These terms also help cast regulatory efforts in a clearer light. The policies regulators are pushing for could result in mandatory surveillance features for all possible versions of a piece of software, which Americans in particular are simply not going to accept. A coordinated campaign to reinforce the distinction between a “software wallet” and an “exchange account” could offer significant long-term benefits in the regulatory debate.
This term is not widely used – in fact I don’t think I’d ever heard it until I saw this from Twitter user @porteaux. But I’m quite fond of it.
This has the advantage, first, of being accurate. I’m not certain exactly when the term “wallet” was coined (it’s not in the Bitcoin white paper), but it was very early in the evolution of crypto. Describing custodial services as “wallets” of any sort came much later.
More importantly, I like that this term has a baked-in value judgment. If software or hardware wallets are “true” crypto wallets, then an exchange or other custodial service is by necessity offering a “false wallet” – and no one wants a fake. “True wallet” highlights that other uses of the term may be employed in bad faith. Which they probably are.
Just plain ‘wallet’
The true alpha terminology, though I fear the window to defend it is closing. Podcaster Stephan Livera floated the suggestion last week, and it was co-signed by cryptography pioneer Adam Back.
In this usage, only a tool that holds keys locally is a crypto “wallet” at all, and any other modifiers or caveats are suspect. In this schema, your crypto on Coinbase or Kraken isn’t in a wallet at all, just an account. Unfortunately, it may be too late to reclaim this rhetorical high ground after years of obfuscation by regulators and (to a lesser extent) exchanges.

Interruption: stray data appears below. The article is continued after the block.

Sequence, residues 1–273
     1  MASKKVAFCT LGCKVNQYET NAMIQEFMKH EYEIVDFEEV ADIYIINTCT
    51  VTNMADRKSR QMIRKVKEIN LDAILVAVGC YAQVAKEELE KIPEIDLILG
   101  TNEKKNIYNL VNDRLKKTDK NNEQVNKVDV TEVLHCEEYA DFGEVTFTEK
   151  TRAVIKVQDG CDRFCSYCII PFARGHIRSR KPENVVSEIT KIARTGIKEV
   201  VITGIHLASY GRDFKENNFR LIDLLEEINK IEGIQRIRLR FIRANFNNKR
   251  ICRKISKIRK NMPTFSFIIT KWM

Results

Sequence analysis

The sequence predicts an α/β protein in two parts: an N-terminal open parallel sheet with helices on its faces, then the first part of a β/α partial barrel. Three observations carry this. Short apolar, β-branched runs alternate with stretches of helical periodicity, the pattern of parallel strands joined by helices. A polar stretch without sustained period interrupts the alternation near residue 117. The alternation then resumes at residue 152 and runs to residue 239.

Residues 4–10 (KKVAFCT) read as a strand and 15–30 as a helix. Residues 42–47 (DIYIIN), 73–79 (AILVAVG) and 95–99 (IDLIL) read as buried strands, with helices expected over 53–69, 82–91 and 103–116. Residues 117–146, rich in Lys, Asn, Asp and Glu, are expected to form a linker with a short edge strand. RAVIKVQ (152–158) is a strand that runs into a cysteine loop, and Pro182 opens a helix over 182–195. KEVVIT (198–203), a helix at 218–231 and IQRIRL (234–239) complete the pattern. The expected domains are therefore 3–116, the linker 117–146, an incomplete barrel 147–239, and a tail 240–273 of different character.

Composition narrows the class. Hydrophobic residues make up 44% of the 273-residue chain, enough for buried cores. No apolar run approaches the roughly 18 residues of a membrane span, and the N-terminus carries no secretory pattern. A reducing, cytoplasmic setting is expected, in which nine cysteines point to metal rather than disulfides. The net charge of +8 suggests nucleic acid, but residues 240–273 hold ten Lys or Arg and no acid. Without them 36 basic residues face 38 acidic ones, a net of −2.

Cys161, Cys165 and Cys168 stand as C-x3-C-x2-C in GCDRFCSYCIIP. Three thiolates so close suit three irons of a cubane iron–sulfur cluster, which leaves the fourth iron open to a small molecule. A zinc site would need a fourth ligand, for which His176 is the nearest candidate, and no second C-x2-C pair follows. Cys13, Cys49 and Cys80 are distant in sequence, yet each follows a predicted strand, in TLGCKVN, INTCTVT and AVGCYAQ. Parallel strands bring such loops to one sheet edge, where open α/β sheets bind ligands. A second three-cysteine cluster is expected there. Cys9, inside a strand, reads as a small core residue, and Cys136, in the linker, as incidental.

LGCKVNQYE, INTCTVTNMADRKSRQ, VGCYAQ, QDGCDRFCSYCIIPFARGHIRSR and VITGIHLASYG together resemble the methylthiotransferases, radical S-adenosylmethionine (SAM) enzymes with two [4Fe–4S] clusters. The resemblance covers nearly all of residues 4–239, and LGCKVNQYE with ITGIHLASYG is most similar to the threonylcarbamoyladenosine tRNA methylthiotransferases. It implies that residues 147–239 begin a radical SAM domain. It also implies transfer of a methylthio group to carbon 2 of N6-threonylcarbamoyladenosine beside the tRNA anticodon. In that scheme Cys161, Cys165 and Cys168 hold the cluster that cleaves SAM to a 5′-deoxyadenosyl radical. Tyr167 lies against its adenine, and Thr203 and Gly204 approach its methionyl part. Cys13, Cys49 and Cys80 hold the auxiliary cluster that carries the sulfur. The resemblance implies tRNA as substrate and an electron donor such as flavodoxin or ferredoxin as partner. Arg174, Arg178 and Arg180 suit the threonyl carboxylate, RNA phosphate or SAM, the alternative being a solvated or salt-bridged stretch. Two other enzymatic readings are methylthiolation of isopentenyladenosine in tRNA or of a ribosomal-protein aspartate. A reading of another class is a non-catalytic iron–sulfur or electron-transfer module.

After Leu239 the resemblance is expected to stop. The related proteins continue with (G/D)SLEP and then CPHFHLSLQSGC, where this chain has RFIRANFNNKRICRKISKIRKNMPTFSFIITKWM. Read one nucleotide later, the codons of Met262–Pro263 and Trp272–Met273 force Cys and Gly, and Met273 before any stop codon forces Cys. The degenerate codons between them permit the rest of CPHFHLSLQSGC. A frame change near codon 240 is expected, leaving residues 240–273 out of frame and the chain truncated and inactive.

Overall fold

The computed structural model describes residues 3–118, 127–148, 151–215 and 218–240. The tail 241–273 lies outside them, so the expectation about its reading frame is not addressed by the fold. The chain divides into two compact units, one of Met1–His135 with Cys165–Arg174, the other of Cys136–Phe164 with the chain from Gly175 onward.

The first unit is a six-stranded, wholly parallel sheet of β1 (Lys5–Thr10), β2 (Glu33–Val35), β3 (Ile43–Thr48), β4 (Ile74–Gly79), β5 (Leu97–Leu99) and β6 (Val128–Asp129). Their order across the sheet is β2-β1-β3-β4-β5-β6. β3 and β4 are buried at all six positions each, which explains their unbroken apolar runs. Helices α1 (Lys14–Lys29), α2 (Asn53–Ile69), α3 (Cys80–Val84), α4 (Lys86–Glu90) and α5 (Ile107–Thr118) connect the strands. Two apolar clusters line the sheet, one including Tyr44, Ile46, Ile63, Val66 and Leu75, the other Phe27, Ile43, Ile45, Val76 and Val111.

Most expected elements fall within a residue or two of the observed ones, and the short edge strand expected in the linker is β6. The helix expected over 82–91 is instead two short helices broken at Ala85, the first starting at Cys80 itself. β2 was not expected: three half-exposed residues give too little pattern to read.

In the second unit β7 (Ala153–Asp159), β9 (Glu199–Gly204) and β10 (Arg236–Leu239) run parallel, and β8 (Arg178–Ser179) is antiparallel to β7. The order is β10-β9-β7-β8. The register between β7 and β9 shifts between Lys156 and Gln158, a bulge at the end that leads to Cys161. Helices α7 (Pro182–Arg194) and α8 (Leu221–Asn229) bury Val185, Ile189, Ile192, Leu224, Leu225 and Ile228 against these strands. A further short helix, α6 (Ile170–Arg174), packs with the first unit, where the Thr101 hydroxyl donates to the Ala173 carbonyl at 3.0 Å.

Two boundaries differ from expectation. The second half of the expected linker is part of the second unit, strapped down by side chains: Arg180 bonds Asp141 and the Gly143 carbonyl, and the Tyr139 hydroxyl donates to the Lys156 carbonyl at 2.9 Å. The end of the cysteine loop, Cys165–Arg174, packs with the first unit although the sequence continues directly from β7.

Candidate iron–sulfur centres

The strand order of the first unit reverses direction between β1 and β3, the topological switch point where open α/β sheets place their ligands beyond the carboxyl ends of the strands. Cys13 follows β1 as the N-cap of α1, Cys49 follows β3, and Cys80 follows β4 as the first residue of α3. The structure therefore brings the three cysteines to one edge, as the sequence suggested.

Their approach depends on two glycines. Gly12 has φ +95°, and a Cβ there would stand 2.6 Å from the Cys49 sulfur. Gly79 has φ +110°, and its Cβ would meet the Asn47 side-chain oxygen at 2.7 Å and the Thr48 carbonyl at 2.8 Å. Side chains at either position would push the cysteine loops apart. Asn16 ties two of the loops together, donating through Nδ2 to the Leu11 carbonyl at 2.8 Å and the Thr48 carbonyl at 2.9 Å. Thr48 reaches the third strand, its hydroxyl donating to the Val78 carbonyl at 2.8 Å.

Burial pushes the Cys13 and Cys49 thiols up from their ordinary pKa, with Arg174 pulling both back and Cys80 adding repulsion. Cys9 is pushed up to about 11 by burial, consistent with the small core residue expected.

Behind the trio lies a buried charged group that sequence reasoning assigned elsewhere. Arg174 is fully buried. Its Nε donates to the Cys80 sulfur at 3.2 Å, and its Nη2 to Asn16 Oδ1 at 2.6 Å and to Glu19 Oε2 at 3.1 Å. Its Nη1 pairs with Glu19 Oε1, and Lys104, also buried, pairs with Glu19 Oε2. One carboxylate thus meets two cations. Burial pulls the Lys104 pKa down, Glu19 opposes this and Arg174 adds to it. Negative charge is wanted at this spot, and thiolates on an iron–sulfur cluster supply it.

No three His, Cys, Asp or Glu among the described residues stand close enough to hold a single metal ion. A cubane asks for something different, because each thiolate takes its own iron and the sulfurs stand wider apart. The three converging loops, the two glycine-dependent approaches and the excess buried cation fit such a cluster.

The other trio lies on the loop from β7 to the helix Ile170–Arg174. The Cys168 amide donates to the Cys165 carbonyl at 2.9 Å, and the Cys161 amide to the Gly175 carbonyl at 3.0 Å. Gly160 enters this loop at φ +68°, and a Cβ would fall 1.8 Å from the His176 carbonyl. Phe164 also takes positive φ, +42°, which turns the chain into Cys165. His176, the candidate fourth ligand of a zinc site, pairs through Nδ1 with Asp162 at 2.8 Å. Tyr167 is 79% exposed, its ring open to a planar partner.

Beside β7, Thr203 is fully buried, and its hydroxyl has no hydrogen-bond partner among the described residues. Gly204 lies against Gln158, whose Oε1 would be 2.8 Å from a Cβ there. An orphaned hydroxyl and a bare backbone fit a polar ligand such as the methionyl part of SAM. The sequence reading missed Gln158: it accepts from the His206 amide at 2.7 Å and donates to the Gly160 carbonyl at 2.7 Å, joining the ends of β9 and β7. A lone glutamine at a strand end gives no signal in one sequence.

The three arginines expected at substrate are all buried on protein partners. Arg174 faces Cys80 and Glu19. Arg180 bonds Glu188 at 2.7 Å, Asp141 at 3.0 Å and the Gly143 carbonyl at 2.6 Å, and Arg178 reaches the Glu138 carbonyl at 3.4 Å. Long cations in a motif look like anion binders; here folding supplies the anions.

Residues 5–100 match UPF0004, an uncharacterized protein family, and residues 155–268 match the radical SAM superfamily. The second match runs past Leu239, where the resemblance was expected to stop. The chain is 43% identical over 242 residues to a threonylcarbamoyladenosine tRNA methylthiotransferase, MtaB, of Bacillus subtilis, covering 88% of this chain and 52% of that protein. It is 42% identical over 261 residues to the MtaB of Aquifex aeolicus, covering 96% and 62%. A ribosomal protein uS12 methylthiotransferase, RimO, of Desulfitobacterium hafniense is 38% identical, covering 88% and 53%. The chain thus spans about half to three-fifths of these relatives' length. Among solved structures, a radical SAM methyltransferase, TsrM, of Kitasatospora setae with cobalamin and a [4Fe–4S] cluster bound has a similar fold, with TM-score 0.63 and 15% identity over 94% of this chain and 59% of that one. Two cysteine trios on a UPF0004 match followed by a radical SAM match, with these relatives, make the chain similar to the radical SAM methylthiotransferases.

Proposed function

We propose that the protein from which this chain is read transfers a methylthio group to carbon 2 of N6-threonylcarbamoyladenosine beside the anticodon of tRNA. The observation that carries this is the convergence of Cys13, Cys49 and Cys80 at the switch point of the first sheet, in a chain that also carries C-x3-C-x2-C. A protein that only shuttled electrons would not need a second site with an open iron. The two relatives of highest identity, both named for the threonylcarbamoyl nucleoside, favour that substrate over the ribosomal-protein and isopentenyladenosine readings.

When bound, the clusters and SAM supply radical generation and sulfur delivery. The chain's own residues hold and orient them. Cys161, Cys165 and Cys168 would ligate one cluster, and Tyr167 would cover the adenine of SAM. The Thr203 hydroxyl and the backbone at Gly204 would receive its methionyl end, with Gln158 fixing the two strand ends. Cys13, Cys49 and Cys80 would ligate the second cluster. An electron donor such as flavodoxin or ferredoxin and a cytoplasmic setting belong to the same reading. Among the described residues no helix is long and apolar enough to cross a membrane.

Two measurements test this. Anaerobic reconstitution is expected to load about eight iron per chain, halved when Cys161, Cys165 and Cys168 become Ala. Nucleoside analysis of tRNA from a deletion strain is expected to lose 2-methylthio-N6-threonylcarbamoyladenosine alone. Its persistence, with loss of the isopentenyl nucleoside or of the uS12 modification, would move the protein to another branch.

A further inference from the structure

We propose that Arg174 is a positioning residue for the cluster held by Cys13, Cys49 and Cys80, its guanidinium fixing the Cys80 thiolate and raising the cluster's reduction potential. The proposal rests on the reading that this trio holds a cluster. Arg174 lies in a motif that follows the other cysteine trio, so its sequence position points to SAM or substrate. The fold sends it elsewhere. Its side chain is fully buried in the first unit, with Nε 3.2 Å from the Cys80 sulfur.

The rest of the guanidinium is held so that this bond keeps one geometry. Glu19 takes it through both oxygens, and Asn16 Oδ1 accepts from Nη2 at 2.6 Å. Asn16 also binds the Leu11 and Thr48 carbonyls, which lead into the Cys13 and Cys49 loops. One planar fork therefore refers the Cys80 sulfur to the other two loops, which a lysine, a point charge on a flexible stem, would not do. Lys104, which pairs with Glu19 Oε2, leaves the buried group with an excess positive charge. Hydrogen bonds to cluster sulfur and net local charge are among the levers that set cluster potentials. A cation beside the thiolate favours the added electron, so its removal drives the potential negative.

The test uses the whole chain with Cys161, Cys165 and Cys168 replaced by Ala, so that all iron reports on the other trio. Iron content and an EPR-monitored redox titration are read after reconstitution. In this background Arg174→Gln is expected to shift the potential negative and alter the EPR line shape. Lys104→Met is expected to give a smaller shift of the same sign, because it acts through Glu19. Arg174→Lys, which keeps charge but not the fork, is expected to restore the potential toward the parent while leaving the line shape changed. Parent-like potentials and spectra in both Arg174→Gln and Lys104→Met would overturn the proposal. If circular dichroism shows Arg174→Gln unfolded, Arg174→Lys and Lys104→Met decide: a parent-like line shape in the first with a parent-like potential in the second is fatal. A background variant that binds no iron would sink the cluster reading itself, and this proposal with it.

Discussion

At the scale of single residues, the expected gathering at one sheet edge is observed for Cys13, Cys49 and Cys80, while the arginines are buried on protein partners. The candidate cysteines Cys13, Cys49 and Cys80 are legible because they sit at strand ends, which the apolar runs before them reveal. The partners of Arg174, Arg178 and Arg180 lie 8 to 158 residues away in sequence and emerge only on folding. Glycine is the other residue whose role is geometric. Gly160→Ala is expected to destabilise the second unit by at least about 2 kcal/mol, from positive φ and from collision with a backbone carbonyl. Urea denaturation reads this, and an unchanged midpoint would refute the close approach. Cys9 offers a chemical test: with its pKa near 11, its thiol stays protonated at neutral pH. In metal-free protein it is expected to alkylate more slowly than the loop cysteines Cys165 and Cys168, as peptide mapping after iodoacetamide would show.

In the long term, which of these terms becomes dominant will shape public perception – and while there’s no obvious evidence, it’s safe to assume that regulators chose their terms very carefully to stack the deck in their favor. To counter their efforts, the crypto industry should favor terminology that emphasizes user control and independence – values that Americans in particular would be quite unhappy to see eroded by new rules, perhaps even if they’re not crypto users themselves.
This isn’t necessarily a conscious process. Terms that contain subtle, implicit bias can have a major role in shaping public sentiment, even (perhaps especially) among people who are barely paying attention. As crypto confronts an intensifying fight for its right to exist, it’s vital the broader public understands exactly what regulators are trying to take away.